In 1983, Turnbull settled for a tilt at being preselected for the safe Liberal seat of Mosman in the NSW state parliament. He ran his usual, unfocused campaign. His biographer, Paddy Manning, quotes Liberal Party notable Nick Greiner’s comment that Turnbull was “arguably petulant” when dealing with individual party members in Mosman. He lost again.

Turnbull was no good at retail politics but had many splendid qualities nonetheless. There was self-belief and a work ethic. He had married well. He was, to use words applied to him by Paul Keating, utterly fearless and brilliant.

Blessed with these attributes, Turnbull enjoyed worldly success after he switched from party politics in 1983 to focus on law and investment banking. He made heaps of money. He became richer than any one sitting in Federal Parliament.

Federal parliamentarians usually need to retire from electoral politics if they wish to truly beef up their material assets through consultancy or lobbying. With Turnbull, the exact opposite happened. He enriched himself before rather than after parliamentary life.

In the late 1990s, Turnbull began to use his own money in a bid to do good and buy affection along the way. Hence his involvement in the republic push.

In 2000, Turnbull again lacked the numbers when the Liberals held another preselection vote in Wentworth.

Three years later, though, he won a bitter preselection contest in the same seat. He now had the resources to barnstorm his way to victory. In retaliation, many local Liberals voted for his ousted predecessor, Peter King, who ran as an independent.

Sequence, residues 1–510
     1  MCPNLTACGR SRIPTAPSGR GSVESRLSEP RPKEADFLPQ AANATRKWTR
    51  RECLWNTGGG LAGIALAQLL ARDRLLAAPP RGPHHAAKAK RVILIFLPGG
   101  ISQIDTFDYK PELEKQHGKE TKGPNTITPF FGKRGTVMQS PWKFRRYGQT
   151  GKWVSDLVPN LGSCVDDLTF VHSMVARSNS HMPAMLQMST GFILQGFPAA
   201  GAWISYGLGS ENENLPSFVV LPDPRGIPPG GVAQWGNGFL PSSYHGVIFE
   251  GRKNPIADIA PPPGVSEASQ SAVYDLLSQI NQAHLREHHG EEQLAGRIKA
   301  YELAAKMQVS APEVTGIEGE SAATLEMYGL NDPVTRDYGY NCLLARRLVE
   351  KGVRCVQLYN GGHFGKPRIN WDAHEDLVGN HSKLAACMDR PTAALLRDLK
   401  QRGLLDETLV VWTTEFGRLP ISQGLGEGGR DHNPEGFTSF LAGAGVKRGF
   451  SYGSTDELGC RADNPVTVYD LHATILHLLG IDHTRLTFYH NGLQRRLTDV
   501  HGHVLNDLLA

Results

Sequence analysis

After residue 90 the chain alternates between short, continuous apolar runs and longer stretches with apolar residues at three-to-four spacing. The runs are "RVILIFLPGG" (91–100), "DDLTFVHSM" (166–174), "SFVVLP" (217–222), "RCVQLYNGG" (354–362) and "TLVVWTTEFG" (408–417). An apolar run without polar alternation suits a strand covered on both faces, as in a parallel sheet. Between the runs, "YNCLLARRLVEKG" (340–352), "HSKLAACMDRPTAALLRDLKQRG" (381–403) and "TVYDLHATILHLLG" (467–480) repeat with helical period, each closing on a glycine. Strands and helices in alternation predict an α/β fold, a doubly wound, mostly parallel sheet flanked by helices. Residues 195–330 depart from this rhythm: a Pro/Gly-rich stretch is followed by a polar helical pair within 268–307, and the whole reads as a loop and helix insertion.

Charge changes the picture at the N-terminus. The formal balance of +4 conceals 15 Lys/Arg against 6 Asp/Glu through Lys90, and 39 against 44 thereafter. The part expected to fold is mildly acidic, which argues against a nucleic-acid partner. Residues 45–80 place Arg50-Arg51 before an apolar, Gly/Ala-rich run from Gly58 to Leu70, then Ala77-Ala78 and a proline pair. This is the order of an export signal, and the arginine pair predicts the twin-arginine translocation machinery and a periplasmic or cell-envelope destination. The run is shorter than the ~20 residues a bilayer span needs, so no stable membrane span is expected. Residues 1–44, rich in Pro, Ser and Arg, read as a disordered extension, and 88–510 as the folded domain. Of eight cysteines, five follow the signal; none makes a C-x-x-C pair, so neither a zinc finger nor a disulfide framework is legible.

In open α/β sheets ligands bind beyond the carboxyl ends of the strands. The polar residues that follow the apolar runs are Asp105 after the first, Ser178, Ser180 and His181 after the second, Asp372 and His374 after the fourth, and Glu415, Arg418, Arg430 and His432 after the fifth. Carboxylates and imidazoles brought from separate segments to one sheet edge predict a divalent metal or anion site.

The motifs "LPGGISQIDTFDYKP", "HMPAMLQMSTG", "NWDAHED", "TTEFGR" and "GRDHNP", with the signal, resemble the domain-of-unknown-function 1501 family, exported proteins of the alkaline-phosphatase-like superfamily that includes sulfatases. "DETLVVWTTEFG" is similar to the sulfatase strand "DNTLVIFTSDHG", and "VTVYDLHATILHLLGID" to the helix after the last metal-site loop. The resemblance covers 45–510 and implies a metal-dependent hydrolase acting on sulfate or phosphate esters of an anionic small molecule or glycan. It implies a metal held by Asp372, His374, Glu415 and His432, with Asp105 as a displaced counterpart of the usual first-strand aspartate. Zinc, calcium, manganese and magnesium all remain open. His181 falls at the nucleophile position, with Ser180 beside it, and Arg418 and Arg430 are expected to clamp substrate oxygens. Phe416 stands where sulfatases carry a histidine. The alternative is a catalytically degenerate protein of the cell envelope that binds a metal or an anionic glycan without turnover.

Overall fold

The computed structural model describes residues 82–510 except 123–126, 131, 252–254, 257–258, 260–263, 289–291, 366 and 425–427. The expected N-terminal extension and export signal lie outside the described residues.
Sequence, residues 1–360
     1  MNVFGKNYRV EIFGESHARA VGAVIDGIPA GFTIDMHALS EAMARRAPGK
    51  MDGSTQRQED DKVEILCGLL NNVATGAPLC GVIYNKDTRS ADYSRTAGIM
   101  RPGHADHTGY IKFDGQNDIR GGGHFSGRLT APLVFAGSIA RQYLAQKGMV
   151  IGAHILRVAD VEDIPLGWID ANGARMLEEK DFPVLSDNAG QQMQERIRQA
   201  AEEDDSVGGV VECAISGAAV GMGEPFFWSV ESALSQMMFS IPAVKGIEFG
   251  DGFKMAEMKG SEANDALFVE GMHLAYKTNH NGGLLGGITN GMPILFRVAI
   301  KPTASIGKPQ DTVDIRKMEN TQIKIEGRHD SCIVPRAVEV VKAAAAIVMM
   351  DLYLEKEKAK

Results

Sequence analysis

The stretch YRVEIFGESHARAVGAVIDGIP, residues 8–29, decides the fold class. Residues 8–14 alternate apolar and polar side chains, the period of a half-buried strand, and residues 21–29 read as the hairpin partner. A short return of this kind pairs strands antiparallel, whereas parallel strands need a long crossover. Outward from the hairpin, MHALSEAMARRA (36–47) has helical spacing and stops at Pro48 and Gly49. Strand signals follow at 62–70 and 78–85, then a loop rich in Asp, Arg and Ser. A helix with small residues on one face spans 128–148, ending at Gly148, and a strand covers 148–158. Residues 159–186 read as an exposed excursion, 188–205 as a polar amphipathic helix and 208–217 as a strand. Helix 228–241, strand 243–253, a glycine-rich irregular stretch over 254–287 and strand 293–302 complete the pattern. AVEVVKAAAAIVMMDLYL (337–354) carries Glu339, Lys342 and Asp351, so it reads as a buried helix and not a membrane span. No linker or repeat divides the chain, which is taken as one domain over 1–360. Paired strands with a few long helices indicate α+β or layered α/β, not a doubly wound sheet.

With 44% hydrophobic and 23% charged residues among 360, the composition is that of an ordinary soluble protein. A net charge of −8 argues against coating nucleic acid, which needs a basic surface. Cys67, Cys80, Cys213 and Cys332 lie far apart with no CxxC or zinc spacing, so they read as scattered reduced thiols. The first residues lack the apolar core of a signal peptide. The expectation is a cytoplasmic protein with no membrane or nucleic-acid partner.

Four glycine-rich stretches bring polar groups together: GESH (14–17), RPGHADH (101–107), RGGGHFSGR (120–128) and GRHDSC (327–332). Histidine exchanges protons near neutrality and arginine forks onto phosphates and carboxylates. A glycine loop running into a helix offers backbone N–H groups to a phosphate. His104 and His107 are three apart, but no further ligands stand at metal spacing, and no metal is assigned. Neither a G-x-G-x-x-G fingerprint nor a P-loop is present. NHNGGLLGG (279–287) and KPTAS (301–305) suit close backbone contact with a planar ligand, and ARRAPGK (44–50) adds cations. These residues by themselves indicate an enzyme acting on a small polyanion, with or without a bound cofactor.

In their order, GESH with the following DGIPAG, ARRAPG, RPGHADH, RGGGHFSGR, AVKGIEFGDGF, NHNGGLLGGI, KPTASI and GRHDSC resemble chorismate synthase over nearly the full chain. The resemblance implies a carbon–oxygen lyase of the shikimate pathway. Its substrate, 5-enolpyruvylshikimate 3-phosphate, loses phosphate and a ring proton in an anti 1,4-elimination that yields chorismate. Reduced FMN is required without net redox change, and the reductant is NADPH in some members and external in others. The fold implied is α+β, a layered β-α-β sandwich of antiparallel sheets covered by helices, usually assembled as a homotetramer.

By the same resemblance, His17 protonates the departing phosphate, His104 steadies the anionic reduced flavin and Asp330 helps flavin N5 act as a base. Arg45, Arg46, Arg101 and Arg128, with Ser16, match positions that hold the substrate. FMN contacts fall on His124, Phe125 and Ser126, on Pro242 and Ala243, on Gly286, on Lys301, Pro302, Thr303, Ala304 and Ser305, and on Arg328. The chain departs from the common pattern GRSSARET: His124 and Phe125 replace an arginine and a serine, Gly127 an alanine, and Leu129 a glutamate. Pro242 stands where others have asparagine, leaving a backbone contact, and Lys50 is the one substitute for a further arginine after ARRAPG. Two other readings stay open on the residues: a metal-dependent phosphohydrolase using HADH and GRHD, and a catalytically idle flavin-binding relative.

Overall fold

Turnbull invested more than $600,000 of his own money to become member for Wentworth with a reduced Liberal majority. This was a foretaste of the 2016 federal election campaign, which saw the Prime Minister reportedly donate more than $1.75 million as he sought re-election.

So we have a pattern whereby much money is spent to produce mediocre results. Something is wrong here.

Success outside politics propelled Malcolm Turnbull into The Lodge even though he lacks basic qualities needed to sustain success as a prime minister. He is very rich precisely because he is no good at politics. There is, as a result, a fearful asymmetry at the heart of n government.

On this day of all days, we wish Turnbull a happy and speedy retirement from politics, as well as a very happy birthday.